‘Kingmaker’ director says legal action underway after 2nd billboard using unauthorized photo of Imelda Marcos spotted

Image courtesy of Lauren Greenfield (Twitter)
Image courtesy of Lauren Greenfield (Twitter)

Second time clearly was not the charm for Digital Out of Home (DOOH) Philippines, the advertising agency that was called out for using an image of former first lady Imelda Marcos from the documentary The Kingmaker without permission on a billboard birthday greeting.

After apologizing to The Kingmaker director Lauren Greenfield over the weekend, it seems the company is guilty of another case of copyright infringement (as well as atrocious grammar) as evidenced by yet another billboard showing Mrs. Marcos in the signature red terno dress alongside the greeting, “Happy 93th birth day First Lady Imelda Marcos.”

“Getting reports of a second copyright infringement in Manila that occurred yesterday as well. Same company,” Greenfield wrote on Twitter.

The photograph of Imelda Marcos was used in the posters of the award-winning 2019 documentary, which chronicles the political career of the former first lady and her family’s attempts to rehabilitate their image after her husband, former President Ferdinand Marcos Sr. was ousted as a result of the 1986 People Power Revolution.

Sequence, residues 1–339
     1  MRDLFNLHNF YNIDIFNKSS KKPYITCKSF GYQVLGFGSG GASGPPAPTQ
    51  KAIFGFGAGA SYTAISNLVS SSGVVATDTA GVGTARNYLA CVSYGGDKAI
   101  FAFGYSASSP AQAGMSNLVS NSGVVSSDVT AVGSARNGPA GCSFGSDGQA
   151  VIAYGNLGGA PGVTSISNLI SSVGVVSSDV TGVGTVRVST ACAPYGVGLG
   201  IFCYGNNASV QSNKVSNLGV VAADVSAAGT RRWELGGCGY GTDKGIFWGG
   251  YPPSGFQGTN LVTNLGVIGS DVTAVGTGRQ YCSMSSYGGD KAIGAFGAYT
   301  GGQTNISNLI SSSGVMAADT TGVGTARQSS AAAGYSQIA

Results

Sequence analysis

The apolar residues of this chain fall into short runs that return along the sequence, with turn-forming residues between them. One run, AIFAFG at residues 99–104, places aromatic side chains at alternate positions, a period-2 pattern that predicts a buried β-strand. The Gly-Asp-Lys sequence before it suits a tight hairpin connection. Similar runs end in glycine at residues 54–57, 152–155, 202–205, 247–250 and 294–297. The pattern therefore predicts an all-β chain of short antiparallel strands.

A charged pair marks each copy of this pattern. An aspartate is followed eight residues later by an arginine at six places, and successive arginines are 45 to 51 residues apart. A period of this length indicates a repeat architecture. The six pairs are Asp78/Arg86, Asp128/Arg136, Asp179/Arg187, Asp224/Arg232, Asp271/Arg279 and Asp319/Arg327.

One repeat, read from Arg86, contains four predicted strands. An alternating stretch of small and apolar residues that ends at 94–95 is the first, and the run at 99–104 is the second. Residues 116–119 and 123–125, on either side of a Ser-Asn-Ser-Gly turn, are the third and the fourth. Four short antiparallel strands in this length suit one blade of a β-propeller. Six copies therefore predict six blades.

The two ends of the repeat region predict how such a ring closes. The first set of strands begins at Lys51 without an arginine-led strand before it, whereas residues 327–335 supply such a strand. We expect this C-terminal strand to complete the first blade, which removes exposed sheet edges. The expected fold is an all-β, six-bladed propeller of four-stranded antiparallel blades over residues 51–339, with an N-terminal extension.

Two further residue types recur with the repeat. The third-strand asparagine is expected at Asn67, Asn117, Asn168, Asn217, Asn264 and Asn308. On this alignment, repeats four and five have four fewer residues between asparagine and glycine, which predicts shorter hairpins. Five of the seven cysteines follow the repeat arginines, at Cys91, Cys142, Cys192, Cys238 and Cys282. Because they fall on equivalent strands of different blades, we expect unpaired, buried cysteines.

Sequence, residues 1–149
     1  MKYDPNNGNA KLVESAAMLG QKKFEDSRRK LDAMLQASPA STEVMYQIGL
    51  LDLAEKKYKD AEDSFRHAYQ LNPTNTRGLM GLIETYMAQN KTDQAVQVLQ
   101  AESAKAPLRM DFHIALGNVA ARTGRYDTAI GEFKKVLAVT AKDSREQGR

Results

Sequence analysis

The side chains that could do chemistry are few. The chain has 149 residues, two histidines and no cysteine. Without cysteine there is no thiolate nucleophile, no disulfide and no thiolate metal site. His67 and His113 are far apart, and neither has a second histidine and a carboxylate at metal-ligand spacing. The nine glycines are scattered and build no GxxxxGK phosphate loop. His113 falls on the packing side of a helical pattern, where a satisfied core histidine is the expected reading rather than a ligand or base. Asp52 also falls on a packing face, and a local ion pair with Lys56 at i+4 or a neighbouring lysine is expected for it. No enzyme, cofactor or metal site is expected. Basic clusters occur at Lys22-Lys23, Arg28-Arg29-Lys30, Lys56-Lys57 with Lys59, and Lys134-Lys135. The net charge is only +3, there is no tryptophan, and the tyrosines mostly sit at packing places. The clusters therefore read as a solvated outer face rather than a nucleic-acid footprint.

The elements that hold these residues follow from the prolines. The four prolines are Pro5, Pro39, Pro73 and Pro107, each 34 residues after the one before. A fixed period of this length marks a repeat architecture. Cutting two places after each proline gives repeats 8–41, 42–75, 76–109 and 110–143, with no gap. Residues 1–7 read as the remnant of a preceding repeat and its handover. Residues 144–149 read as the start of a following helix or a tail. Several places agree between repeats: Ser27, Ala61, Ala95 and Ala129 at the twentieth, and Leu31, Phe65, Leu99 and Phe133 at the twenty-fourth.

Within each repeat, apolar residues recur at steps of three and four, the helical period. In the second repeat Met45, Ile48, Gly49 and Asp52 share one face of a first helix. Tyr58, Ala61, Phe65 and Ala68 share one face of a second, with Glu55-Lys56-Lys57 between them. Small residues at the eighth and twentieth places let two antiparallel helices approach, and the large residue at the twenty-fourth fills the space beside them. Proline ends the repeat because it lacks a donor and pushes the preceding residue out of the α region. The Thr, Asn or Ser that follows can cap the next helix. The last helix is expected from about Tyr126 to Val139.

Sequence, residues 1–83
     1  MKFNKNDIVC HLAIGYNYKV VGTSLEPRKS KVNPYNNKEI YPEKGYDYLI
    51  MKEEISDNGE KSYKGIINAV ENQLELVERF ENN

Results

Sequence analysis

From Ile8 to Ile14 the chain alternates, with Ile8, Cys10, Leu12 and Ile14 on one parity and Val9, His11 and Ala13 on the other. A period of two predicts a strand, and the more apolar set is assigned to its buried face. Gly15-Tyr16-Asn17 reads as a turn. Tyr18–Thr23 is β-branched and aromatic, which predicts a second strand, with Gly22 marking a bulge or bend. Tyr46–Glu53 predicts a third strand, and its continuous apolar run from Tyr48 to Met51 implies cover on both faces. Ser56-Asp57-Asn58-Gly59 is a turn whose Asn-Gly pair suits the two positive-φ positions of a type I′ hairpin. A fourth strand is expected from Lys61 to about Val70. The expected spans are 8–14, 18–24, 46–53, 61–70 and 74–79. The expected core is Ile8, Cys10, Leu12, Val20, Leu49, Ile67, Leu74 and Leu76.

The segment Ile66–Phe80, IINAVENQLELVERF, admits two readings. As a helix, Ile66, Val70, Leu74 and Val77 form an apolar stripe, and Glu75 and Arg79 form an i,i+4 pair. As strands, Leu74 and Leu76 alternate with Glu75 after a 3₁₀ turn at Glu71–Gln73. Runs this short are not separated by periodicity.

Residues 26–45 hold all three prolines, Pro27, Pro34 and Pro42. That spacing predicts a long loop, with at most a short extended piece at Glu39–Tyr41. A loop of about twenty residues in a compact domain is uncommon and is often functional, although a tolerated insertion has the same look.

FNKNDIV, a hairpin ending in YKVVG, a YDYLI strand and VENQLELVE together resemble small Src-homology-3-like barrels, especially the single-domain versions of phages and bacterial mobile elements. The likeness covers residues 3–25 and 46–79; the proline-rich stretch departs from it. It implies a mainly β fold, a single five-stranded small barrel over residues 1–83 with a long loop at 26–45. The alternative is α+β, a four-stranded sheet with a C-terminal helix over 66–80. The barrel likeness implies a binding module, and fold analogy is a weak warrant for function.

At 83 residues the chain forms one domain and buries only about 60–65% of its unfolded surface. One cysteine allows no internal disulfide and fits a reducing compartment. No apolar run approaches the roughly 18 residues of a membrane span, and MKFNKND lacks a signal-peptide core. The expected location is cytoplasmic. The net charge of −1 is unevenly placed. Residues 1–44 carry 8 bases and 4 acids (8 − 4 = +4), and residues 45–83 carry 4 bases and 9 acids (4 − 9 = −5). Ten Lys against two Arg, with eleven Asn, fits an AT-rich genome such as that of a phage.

Poster of “The Kingmaker,” featuring Imelda Marcos. Image: Lauren Greenfield / The Kingmaker

READ: Acclaimed Marcos documentary ‘The Kingmaker’ is now free for streaming

Over the weekend, DOOH Philippines issued an apology to Greenfield and took down the greeting after images of a massive billboard wishing the former first lady a happy birthday using the photo went viral on social media.

“First, we would like to sincerely apologize for using your “Kingmaker” image for our billboards. We must confess that we were unaware of your copyright, and we appreciate that you brought the matter to our attention,” the company wrote in a statement.

“Please be informed that as soon as we were made aware of the issue, we immediately took the greeting down. We take full responsibility for the mistake, and we are truly sorry.”

Yet hours after the apology was made, photos were reportedly sent to Greenfield of another billboard, operated by the same company, showing the same greeting.

Greenfield said that legal action was already underway.

Copyright infringement in the Philippines is punishable by law with imprisonment of one to three years and a fine of PHP50,000 to PHP150,000 (US$900 to US$2,721) for the first offense, and jail time of three years and a day to six years, plus another fine of PHP150,000 to PHP500,000 (US$2,721 to US$9,070) for the second offense.

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